Bush seeks big boost in arms for Mideast "allies"
[This may or may not be directly relevant, but something smells fishy here. Giving lots of weapons to Israel and Saudi Arabia while the Bush family doubtless rakes in millions can't be a good thing.]
WASHINGTON - The Bush administration will ask Congress to expand multibillion-dollar aid and weapons sales packages to friendly nations in the Middle East, partly to counteract Iran, senior administration officials said Friday.
Secretary of State Condoleezza Rice will announce proposed extensions and enlargements of foreign aid to Israel and Egypt and a proposed arms sales package to Persian Gulf nations including Saudi Arabia before she leaves on a trip to the region on Monday, the officials said.
Details of the proposed deal come as some U.S. officials contend that the Saudi government is not helping the situation in Iraq. The proposed package of advanced weapons for Saudi Arabia has also stoked concern in Israel and among its U.S. backers because it includes satellite-guided bombs, upgrades for its fighters and new naval vessels — systems that theoretically could be used for strikes on Israeli territory.
Senior officials, including State Department and Pentagon officials who outlined the deals’ terms, told the New York Times they thought the Bush administration had resolved those concerns, partly by offering Israel more than $30 billion in military aid over the next 10 years, which would be a significant increase over recent levels.
The Israeli and Egyptian proposals would lock in U.S. commitments for the next 10 years. The total for Israel would rise from $2.4 billion to about $3 billion a year, and Egypt would continue to receive $1.3 billion a year.
Those packages, like existing 10-year packages that expire next year, represent long-standing U.S. commitments to Israel, its principal ally in the region, and Egypt as the first Arab nation to make peace with Israel and a moderate, secular ally.
Concerns over sales to Saudis
Administration officials are concerned that the package could draw opposition from Saudi critics in Congress, which is to be notified formally about the deal this autumn, the Times said.
Assurances from the Saudis about being more supportive in Iraq were not sought by the administration as part of the deal, U.S. officials told the paper.
Other salves to Israel in light of the controversial proposal would include asking the Saudis to accept restrictions on the range, size and location of the satellite-guided bombs, the Times said. The Pentagon is also asking for a commitment not to store the weapons at air bases close to Israeli territory, the Times added.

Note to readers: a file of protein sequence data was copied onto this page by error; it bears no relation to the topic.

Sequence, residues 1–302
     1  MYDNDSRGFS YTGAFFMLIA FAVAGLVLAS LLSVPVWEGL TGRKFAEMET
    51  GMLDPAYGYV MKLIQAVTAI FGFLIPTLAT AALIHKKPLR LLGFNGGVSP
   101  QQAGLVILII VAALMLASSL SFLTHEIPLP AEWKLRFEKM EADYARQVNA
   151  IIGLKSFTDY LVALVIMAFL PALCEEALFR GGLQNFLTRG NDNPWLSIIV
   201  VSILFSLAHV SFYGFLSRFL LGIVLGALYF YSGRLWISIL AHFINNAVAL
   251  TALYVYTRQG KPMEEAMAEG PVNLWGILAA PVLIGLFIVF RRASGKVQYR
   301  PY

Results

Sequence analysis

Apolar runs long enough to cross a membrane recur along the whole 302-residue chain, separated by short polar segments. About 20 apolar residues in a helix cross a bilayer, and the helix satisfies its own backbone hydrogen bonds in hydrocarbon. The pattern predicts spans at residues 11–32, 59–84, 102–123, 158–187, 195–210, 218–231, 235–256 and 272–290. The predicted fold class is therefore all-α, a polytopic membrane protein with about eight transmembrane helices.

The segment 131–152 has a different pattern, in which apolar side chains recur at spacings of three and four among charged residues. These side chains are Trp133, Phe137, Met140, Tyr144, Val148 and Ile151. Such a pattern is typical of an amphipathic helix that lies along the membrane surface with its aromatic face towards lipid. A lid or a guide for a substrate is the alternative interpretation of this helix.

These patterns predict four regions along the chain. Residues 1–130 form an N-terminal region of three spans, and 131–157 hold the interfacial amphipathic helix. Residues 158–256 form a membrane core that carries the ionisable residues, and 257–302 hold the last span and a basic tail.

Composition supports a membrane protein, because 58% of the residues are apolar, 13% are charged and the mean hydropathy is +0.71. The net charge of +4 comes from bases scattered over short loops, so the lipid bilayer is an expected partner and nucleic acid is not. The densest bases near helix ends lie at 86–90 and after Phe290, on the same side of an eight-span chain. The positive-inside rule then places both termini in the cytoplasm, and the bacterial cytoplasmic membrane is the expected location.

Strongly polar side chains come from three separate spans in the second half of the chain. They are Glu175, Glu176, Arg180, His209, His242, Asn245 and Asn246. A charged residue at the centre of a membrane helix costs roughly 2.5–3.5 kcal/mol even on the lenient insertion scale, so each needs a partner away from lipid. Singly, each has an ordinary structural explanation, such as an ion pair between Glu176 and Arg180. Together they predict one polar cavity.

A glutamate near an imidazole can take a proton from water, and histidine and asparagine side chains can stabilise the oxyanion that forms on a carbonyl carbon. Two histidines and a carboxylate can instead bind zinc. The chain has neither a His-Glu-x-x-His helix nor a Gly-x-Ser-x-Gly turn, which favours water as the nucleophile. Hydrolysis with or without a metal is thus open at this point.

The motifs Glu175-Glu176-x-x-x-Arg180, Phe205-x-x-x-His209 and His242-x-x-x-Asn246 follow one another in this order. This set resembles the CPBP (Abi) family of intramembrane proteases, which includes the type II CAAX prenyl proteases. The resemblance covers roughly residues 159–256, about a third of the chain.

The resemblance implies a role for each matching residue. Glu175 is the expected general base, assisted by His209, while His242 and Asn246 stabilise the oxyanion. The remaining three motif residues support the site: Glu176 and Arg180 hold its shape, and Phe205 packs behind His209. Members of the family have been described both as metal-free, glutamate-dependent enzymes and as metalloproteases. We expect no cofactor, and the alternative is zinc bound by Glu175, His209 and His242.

The State Department and the White House had no comment on the reported proposal, and a Pentagon spokesperson could not immediately be reached for comment.
Israeli leaders have worked to block the sale, which requires congressional approval. U.S. Defense Secretary Robert Gates recently told the Israelis that moderate Arab countries such as Saudi Arabia would be able to get the weapons elsewhere, including from Russia.
The comprehensive regional aid-and-weapons package is meant to compensate Israel for the sale of U.S. weapons to countries Israel considers potential enemies. But those sales are nonetheless certain to draw opposition from pro-Israeli organizations and human rights organizations.
Iran, whose leader has repeatedly threatened to wipe Israel off the map, is viewed by Israel as its main enemy. Shiite Iran also unnerves the closest U.S. allies in the region, all of them except for Iraq led by Sunnis.
‘Positive ... message to moderates’
The Times said officials described the plan as intended to bolster Gulf countries’ militaries in a bid to contain Iran’s growing strength in the region, as well as to demonstrate Washington’s commitment to its Arab allies.
But they added that Rice and Gates still plan to use their joint visit to Saudi Arabia next week to press for help with Iraq’s government.
“The role of the Sunni Arab neighbors is to send a positive, affirmative message to moderates in Iraq in government that the neighbors are with you,” the newspaper quoted a senior State Department official as saying.
The official added that Washington wants Gulf states to stress to Sunnis that engaging in violence is “killing your future.”